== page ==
COVID-19 , Equipment Reuse/economics , Masks/economics , Pandemics , SARS-CoV-2 , Sterilization/economics , COVID-19/economics , COVID-19/epidemiology , COVID-19/prevention & control , Humans
14.
15.
J Am Coll Surg ; 231(3): 333-338, 2020 09.
Article in English | MEDLINE | ID: covidwho-1382486

ABSTRACT

BACKGROUND: The COVD-19 global pandemic has placed a large demand on personal protective equipment for healthcare workers. N-95 respirators, required to perform aerosolizing procedures, are in short supply and have increased significantly in cost. The lack of a clear end to the pandemic requires hospitals to create a long-term, cost effective solution to the N95 shortage. We initially used previously described methods to reuse and resterilize N95 masks; however, we found they did not solve the issues related to just-in-time fit-testing and cost. STUDY DESIGN: We initiated a program with the aim to reduce our dependence on N95 masks by initiating a phased program to acquire industrial style elastomeric P100 masks as a substitute for reuse and resterilization of disposable N95s. We created an allocation strategy based on availability of the masks, as well as an operational plan to fit test, educate, and disinfect the masks. RESULTS: Within 1 month, we were able to reduce the number of N95s needed by our network by 95%. We also found that the cost was, conservatively, 10 times less per month than purchasing disposable N95s, and the cost benefit increases the longer they are needed. CONCLUSIONS: Establishment of an elastomeric mask program is feasible and less expensive than programs focused on reusing and disinfecting disposable N95 masks. A well thought out elastomeric distribution and disinfection program does not pose greater operational challenges than an N95 reuse and resterilization program. In addition, elastomeric masks can be stored for future surges and should be considered an essential part of all healthcare facilities' supply of personal protective equipment. Implementation of the program has eliminated our dependence on disposable N95s to maintain normal operations during the global pandemic.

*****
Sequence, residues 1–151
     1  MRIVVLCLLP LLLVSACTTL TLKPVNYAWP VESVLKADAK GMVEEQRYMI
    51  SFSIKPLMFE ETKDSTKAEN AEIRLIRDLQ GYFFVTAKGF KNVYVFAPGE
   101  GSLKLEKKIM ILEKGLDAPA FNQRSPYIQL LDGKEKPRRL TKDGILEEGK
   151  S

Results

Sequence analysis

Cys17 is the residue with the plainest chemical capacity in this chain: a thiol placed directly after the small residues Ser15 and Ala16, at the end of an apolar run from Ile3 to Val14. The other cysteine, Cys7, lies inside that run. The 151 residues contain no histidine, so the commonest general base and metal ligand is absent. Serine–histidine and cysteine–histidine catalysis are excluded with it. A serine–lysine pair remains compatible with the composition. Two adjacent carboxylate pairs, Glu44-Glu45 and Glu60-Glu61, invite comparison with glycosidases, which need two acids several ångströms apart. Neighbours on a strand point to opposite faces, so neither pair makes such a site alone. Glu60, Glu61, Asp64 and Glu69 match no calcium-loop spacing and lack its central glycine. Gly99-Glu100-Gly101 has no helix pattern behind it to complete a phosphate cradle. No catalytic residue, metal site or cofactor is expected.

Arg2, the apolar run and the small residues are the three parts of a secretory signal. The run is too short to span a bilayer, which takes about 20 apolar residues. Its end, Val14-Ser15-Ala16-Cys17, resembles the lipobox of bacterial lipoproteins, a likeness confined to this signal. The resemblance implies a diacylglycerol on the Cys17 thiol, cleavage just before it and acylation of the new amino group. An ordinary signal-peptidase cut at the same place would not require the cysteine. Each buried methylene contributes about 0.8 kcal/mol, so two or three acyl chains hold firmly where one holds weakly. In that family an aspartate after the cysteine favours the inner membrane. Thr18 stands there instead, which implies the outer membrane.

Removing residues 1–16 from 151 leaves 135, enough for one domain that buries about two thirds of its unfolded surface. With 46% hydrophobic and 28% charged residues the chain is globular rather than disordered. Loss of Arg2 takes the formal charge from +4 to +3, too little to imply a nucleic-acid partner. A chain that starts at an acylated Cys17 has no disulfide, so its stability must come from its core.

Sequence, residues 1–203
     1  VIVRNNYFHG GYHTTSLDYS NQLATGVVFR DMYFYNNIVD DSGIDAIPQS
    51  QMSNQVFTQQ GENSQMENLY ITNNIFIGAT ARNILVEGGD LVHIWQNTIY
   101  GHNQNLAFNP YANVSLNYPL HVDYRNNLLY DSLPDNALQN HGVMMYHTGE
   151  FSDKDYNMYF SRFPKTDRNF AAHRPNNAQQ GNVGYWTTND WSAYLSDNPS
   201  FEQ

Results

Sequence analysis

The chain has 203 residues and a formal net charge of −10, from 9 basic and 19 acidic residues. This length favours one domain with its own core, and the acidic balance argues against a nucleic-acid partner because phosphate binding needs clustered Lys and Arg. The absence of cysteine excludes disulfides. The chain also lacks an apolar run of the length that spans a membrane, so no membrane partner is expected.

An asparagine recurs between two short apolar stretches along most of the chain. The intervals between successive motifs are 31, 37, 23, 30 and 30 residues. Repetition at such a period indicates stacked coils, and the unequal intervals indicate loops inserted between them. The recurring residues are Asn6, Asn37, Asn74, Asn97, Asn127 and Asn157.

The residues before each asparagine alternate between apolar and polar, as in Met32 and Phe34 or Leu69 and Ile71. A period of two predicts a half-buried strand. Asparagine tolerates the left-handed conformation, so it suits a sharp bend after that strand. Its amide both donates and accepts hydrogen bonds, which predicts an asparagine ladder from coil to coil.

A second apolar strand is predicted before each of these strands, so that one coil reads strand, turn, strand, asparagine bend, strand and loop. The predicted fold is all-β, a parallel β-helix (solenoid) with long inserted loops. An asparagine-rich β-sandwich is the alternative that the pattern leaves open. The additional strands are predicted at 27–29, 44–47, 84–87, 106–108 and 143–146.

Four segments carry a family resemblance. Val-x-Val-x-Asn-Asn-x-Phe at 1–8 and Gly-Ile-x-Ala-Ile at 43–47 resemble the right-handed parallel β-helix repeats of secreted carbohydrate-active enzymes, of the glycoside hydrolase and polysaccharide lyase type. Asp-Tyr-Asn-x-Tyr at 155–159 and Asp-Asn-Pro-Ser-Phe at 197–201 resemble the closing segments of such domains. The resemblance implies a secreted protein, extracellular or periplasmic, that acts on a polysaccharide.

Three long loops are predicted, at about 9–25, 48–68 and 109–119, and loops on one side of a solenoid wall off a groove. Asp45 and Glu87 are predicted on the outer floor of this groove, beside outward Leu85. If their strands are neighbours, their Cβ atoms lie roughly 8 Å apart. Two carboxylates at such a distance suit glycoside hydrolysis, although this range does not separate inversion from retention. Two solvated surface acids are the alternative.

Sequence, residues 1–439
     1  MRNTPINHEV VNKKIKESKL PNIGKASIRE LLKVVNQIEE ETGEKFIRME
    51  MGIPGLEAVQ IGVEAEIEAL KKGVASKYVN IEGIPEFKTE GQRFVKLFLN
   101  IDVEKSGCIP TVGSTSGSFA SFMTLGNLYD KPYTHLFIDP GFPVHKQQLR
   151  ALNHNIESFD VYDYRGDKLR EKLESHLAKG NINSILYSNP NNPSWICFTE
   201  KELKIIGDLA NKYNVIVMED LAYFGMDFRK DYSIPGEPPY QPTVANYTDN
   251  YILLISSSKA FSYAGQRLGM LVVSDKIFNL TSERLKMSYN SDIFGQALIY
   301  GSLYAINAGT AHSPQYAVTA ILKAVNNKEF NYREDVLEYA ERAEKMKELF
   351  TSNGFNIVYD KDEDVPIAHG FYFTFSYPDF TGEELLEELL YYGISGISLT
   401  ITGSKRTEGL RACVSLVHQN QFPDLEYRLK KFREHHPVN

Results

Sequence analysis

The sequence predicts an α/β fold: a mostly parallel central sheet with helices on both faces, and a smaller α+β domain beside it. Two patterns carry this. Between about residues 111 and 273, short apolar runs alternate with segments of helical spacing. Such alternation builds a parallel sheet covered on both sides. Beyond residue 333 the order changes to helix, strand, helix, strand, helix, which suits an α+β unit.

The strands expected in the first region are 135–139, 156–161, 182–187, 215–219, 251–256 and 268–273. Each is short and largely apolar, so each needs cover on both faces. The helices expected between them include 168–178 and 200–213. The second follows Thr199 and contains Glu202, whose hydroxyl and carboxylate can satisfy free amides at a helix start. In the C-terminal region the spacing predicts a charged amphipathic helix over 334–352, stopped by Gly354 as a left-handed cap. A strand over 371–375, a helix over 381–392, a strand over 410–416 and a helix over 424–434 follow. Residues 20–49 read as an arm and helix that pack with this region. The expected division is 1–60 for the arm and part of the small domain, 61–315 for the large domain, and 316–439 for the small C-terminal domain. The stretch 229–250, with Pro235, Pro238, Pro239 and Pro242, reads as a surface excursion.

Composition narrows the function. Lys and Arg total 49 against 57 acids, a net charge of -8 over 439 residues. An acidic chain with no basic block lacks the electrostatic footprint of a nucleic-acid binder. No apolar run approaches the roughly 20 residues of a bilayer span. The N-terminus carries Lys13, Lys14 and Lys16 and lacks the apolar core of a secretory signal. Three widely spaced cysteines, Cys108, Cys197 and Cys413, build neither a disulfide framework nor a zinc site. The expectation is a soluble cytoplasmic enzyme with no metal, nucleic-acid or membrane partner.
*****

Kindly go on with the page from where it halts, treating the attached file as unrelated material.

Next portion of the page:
Subject(s)
COVID-19/prevention & control , Disinfection , Elastomers , Equipment Reuse , Health Personnel , N95 Respirators , Disposable Equipment , Equipment Design , Humans , Sterilization
16.
Mil Med ; 186(12 Suppl 2): 35-39, 2021 09 01.
Article in English | MEDLINE | ID: covidwho-1381028

ABSTRACT